Wednesday, 27 October 2010

Newcastle 0 Arsenal 4: Theo at the double as Gunners stroll into last eight yet again


Class act: Theo Walcott hit a sublime second

Like falling leaves and dark nights, autumn means Arsenal will reach the last eight of the League Cup.

And for the eighth season on the trot, Arsene Wenger's young Gunners progressed to the quarter-final with the minimum of fuss.

There was a great deal of good fortune about their first two goals but the second two had Arsenal quality written all over them.

The first was cruel on Newcastle's young keeper Tim Krul, who conceded an own goal off the back of his head in first half injury-time.

The second was the first of Theo Walcott's well-taken strikes but it was also a gift from referee Andre Marriner who deemed Nicklas Bendtner's flooring of Mike Williamson in the build-up perfectly legal. At that point Chris Hughton and every Newcastle fan had every right to feel aggrieved.

But there was no doubting the brilliance of the third and fourth which capped successful returns from injury for the Arsenal strike pair.

Thunderbolt: Nicklas Bendtner hit a screamer to make it 3-0

And who was it who said Walcott can't finish? Could it have been Chris Waddle, a winger of some repute who used to entertain the St James' Park regulars?

The two finishes from the current England winger were the perfect response to Waddle's criticism last season that he was a player with no brain.

He clipped his first over the approaching Krul on the sprint, and hammered his second past the goalkeeper from an identical position and at the same electrifying speed.

Wenger said: 'Walcott is more composed in front of goal. The timing of his runs has always been good but his first touch when he gets it is better.

'He is an intelligent boy and that is why he always improves. He has worked very hard since the start of the season and unfortunately he was flying at the start of the season but got injured. You could see today he is ready to go to the next level.'

Arsenal threatened to overwhelm their hosts in the first half and, but for Krul and some wayward finishing, they could have been six up before finally taking the lead.

A mere 20 seconds had elapsed when Mike Williamson was caught in possession outside his area and Carlos Vela burst through, forcing Krul to make the first of many saves.

Bendtner, one of nine changes Wenger made to the side which beat Manchester City on Sunday, had five shots saved by the Holland Under 21 international and Emmanuel Eboue also hit the side netting.

But the unfortunate Newcastle keeper was seconds away from reaching half-time with the scores level when he conceded from the back of his own head.

Krul, Steve Harper's 22-year-old understudy, had done well to meet Walcott's corner with a punch to the edge of his area but Tomas Rosicky headed it back into a crowded area.

When your luck's out: Newcastle fell behind to a comical own goal from keeper Tim Krul

Bendtner nudged it back towards goal, narrowly avoiding Laurent Koscielny and the retreating Krul, and though Ryan Taylor did manage to clear the ball off the line, it hit the back of Krul's head and crept into the net.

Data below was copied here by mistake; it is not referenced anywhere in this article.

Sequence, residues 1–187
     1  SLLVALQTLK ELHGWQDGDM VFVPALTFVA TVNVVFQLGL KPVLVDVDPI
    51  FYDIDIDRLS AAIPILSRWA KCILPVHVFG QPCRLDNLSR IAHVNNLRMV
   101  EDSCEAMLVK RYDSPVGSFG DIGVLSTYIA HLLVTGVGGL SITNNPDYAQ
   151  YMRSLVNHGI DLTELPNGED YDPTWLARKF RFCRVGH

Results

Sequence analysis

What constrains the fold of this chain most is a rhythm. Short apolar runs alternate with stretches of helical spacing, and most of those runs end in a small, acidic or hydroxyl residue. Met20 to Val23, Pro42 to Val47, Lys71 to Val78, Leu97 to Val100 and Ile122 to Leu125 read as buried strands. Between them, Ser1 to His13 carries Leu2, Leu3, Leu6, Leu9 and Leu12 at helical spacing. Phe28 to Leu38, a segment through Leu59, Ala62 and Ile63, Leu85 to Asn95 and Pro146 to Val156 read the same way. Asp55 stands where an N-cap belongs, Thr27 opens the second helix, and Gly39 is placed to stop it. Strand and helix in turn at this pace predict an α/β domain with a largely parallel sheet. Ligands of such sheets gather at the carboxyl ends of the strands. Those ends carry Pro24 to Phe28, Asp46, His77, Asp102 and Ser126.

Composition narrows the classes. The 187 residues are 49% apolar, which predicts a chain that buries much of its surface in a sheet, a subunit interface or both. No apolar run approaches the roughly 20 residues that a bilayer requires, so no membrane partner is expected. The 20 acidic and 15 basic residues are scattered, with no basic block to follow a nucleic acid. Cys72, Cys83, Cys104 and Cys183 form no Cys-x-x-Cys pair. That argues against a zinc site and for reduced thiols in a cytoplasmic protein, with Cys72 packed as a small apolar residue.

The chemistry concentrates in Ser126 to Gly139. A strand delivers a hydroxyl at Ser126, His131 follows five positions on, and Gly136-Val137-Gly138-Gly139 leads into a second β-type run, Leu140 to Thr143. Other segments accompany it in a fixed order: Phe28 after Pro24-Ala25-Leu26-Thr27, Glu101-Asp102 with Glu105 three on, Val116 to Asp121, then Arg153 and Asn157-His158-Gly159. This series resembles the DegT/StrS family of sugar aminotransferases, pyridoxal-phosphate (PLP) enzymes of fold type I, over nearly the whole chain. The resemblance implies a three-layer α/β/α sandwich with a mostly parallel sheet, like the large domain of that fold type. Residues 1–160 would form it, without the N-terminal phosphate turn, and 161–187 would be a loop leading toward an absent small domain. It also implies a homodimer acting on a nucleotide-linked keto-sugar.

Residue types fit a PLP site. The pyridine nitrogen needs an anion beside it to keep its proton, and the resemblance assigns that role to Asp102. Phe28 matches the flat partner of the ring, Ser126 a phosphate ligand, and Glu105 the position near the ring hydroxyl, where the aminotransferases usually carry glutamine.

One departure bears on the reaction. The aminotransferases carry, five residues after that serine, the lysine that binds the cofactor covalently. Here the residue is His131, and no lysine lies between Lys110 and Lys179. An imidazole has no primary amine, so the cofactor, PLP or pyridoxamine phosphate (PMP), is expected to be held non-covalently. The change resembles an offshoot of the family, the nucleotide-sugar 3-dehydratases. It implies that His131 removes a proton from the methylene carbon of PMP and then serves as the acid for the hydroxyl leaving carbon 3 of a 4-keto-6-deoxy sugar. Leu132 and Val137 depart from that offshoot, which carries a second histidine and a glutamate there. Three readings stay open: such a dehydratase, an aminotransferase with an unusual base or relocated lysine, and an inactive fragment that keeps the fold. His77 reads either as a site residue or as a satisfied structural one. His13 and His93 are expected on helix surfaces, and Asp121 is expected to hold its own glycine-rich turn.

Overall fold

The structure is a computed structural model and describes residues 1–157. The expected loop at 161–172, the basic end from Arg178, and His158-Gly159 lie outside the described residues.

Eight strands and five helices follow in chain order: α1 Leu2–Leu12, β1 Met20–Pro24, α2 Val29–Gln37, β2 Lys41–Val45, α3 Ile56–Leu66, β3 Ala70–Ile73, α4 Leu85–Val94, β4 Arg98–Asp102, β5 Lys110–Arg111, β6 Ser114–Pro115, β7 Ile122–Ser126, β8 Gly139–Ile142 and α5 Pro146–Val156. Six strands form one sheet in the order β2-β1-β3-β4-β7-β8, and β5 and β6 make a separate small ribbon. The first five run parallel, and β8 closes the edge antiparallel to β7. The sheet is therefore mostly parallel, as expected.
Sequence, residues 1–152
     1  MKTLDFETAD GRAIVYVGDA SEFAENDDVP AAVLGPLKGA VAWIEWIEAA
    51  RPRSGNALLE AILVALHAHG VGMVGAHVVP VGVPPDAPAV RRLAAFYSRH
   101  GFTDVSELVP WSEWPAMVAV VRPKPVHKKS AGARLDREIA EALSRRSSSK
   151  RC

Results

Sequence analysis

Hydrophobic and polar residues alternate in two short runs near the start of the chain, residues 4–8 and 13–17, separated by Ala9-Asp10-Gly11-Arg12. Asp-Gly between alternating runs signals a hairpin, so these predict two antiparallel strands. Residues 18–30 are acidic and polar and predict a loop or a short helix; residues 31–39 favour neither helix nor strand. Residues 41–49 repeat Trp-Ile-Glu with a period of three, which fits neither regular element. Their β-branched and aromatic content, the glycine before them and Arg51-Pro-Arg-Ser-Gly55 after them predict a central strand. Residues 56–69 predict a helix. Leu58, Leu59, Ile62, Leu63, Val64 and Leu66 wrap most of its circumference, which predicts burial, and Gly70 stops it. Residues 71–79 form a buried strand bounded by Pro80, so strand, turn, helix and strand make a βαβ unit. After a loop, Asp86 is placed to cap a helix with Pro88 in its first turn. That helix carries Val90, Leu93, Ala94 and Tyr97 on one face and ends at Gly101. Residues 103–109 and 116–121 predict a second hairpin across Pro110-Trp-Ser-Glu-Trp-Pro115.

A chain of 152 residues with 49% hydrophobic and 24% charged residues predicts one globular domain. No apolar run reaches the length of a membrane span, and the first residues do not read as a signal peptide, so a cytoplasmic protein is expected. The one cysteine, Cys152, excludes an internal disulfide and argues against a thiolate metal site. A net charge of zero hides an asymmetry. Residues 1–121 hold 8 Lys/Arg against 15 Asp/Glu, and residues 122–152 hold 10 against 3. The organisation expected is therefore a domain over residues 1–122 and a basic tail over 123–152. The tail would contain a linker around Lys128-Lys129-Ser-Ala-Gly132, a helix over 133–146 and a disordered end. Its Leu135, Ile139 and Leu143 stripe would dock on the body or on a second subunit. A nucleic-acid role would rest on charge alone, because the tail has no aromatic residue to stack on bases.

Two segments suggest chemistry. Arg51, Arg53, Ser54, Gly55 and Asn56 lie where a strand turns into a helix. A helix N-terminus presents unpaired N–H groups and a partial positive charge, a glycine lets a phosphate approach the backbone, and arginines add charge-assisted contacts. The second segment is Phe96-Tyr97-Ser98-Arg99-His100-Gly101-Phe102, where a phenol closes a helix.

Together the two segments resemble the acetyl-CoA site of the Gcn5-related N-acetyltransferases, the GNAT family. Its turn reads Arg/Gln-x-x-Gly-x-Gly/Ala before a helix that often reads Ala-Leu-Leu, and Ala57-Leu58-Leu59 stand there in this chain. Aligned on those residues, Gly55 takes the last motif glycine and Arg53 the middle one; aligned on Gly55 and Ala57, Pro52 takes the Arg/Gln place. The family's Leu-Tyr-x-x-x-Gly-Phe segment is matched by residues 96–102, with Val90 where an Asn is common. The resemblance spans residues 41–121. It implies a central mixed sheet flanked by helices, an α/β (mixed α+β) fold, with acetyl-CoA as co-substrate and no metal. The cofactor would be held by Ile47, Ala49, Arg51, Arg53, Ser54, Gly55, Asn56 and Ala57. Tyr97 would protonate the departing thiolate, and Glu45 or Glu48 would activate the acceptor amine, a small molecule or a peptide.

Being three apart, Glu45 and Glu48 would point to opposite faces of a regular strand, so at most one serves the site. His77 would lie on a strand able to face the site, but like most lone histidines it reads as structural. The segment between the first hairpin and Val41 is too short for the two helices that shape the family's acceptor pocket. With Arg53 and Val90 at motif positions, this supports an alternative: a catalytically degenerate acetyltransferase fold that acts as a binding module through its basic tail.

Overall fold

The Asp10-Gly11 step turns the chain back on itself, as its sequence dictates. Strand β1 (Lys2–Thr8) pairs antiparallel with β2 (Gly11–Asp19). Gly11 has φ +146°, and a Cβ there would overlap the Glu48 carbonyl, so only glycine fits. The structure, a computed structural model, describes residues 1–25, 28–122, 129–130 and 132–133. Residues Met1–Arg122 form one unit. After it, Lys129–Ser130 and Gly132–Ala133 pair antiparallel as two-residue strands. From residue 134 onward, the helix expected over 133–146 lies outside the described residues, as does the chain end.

Newcastle, who also made nine changes ahead of Sunday's Tyne-Wear derby, did have chances. Alan Smith hit the bar and Peter Lovenkrands had a goal rightly ruled out for offside.

And they should have pulled level within five minutes of the restart when James Perch emerged unmarked at a Danny Guthrie corner but failed to trouble the impressive Wojciech Szczesny with his close-range header.

The former Forest defender paid within three minutes when Walcott powered through to score his fifth goal of the season.

Seeing the funny side: Arsene Wenger's side enjoyed slices of fortune at St James' Park

Perch was closest to the winger when he neatly clipped the ball over Krul on the run, although it was the build-up to the goal which Newcastle contested.

Bendtner was offside when Johan Djourou headed a Krul clearance from halfway, and the Dane clearly wiped out Williamson as he made a forlorn attempt to chase Walcott.

But there was no doubt about the quality of Arsenal's third. Although it came after a reasonable period of pressure from the home side, they were caught napping when Guthrie lost the ball to late substitute Cesc Fabregas from a routine throw-in in his own half.

The Arsenal captain found the willing Bendtner in front of him and the Dane was given the freedom of Tyneside by Williamson before curling his shot into Krul's top corner from inside the area.

Fabregas turned provider again two minutes from time when he threaded a pass through from deep inside his own half to find space for Walcott to run through and drill his shot low out of Krul's reach.

Understandably, after such a performance, Walcott has his eyes on cup success at last for the Gunners.

He said: 'People may say it is a Mickey Mouse cup and stuff but as players we want to win trophies and look back on careers and the amount of trophies we have won. It is none at the moment for me but I am sure if we play football like that there will be many to come.'

source: dailymail

No comments:

Post a Comment